Residency trained clinical informatics pharmacist and veteran implementation leader with four major end-to-end Epic EHR go-lives completed at Mayo Clinic. Clinically informed across the continuum of care - from the intensive care unit to the emergency department and primary care clinics. Seven years of full-time Epic Willow certified working experience. Results-oriented clinical and technical liaison, translating clinician needs to technical solutions. Proven ability to manage concurrent projects and personnel while providing effective leadership in decision-making and strategic planning under high stress, fast-paced environments. Experienced in working with cross-functional teams at the highest levels of organizational leadership to build consensus and drive decisions. Currently tasked with designing and implementing digital transformation strategies across the Mayo Clinic pharmacy enterprise.
University of Illinois Urbana-Champaign
Master of Business Administration (MBA) • January 2020 - December 2021 (Expected)
University of Florida
Doctor of Pharmacy (PharmD) • August 2009 - May 2013
University of Florida
Bachelor of Science, Nutritional Sciences • August 2005 - May 2009
Clinical Informatics Pharmacist • July 2015 - Present
The Ohio State University Wexner Medical Center
PGY-2 Pharmacy Informatics Resident • July 2014 - June 2015
Indiana University Health
PGY-1 Pharmacy Resident • June 2013 - June 2014
Detection of adverse drug events using an electronic trigger tool
Am J Health Syst Pharm. 2016 Sep 1;73(17 Suppl 4):S112-20 • September 1, 2016
Purpose: Implementation and refinement of an integrated electronic "trigger tool" for detecting adverse drug events (ADEs) is described.
Methods: A three-month prospective study was conducted at a large medical center to test and improve the positive predictive value (PPV) of an electronic health record-based tool for detecting ADEs associated with use of four "trigger drugs": the reversal agents flumazenil, naloxone, phytonadione, and protamine. On administration of a trigger drug to an adult patient, an electronic message was transmitted to two pharmacists, who reviewed cases in near real time (typically, on the same day) to detect actual or potential ADEs. In phase 1 of the study, any use of a trigger drug resulted in an alert message; in subsequent phases, the alerting criteria were narrowed on the basis of clinical criteria and laboratory data with the goal of refining the trigger tool's PPV.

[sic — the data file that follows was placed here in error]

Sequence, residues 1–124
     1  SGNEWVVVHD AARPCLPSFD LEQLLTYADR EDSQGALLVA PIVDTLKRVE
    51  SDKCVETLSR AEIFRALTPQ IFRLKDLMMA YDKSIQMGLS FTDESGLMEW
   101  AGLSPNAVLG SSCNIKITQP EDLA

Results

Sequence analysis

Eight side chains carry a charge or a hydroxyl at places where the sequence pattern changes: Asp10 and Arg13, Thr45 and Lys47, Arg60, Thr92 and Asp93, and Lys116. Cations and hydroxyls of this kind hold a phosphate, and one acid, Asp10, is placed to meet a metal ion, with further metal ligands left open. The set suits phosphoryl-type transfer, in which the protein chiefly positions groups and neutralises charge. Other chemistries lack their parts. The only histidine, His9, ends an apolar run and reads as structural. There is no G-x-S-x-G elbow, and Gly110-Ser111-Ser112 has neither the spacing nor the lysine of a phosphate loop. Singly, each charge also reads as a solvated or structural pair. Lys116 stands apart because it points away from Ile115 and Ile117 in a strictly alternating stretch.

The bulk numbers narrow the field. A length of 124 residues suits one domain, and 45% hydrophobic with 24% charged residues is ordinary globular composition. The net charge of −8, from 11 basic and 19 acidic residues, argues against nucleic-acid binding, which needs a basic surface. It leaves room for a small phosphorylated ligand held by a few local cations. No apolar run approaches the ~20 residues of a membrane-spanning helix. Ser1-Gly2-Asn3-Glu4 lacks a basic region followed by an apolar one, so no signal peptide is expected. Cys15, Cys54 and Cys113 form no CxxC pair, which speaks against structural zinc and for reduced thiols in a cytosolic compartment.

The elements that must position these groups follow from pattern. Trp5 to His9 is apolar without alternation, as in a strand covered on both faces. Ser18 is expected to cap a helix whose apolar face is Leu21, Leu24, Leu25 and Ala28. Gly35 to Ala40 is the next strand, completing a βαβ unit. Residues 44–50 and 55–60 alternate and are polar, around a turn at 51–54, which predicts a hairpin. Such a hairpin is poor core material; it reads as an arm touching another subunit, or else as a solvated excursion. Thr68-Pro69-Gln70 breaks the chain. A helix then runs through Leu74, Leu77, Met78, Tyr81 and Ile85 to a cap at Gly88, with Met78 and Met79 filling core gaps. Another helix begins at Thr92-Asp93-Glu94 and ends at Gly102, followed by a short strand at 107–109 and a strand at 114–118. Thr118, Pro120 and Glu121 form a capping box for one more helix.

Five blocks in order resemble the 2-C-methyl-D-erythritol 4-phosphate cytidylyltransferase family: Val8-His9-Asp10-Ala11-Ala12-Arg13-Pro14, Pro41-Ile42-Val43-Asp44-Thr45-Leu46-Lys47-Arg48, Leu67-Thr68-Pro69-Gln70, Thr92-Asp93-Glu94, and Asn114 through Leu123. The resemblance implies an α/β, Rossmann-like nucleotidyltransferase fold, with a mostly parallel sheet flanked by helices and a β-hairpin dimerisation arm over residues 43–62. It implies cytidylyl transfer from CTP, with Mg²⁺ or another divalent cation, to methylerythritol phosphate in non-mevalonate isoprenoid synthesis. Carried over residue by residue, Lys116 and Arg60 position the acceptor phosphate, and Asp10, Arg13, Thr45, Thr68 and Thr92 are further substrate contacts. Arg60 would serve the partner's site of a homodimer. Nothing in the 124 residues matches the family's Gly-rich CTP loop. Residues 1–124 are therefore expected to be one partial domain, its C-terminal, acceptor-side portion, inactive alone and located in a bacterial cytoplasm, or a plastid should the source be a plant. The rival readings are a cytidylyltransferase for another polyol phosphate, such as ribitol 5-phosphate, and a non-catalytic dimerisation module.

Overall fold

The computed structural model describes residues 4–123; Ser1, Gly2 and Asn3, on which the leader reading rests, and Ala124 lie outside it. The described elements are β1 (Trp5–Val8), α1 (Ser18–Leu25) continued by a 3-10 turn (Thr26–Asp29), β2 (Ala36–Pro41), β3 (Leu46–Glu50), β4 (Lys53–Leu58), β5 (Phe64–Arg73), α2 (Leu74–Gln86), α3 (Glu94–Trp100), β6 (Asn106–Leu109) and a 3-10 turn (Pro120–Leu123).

Results: A total of 87 drug administrations were reviewed during the three-month study period, with 27 ADEs detected. PPV values in phases 1, 2, and 3 were 0.33, 0.21, and 0.36, respectively. The relatively low overall PPV of the trigger tool was largely attributable to false-positive trigger messages associated with phytonadione use (such messages were reduced from 35 in phase 1 to 7 in phase 3).
Conclusion: Evaluation and refinement of an electronic trigger tool based on detecting the use of the reversal agents flumazenil, naloxone, phytonadione, and protamine found an overall PPV of 0.31 during a three-month study period.
Harmonization of technology across an integrated delivery network
Am J Health Syst Pharm. 2018 Jul 15;75(14):1073-1078 • July 15, 2018
Summary: Whether to strive for standardization (use of the same vendors and equipment) versus harmonization (use of various technologies to meet patient-specific needs and organizational stability requirements) and how to coordinate activities across IDNs consisting of 3-30 or more hospitals are common questions due to consolidations in the healthcare industry. For most IDNs with legacy systems, harmonization may be the better option. Large-scale harmonization initiatives require significant planning and coordination involving all affected parties. Detailed project plans should include the compiling of all associated harmonization costs that involve human resources, information on ongoing services and equipment, and program schedules for multiple concurrent projects in order to provide a framework for planning and coordination. Part of the planning process for harmonization efforts should include an extensive current-state analysis that includes review of contracts and vendors. Final harmonization decisions should be based on a mix of vendor recommendations, best practices, and accommodation of current practices that result in the lowest complexity of system redesign with regard to existing systems. When harmonizing existing technologies, planning must also consider the impact of the change to both the organization and individual users.